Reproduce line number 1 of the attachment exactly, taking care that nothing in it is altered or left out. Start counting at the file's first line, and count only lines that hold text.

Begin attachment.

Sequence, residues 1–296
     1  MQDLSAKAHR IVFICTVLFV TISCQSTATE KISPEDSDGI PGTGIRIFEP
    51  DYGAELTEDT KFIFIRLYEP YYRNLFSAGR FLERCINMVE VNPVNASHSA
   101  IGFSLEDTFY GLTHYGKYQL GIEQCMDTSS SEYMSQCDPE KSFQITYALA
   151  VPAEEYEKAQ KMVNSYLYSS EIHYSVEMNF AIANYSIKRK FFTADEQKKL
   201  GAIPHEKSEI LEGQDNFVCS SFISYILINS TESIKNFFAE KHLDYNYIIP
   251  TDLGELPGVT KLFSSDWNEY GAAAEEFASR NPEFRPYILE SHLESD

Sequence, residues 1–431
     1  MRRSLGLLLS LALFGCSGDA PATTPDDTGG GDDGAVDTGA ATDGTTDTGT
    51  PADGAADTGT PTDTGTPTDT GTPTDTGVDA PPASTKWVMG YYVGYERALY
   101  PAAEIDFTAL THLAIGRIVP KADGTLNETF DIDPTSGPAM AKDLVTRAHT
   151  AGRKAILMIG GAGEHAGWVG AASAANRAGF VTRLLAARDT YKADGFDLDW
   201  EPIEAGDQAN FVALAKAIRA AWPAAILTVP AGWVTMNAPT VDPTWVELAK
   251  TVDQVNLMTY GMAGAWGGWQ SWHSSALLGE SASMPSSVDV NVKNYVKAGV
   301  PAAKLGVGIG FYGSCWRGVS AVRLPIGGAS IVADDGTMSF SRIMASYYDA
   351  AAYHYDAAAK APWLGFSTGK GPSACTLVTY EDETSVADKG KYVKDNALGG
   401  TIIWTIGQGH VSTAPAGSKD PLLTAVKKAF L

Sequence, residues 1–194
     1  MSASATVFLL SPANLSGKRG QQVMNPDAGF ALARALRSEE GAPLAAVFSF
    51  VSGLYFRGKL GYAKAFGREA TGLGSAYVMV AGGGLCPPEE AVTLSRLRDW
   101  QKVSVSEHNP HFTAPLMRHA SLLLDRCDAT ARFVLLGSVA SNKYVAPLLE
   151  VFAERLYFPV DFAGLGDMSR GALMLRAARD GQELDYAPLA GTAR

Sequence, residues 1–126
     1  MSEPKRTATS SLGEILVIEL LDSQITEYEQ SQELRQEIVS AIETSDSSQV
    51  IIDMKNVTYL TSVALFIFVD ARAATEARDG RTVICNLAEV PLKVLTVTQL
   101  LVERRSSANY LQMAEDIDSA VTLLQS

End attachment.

Sequence, residues 1–296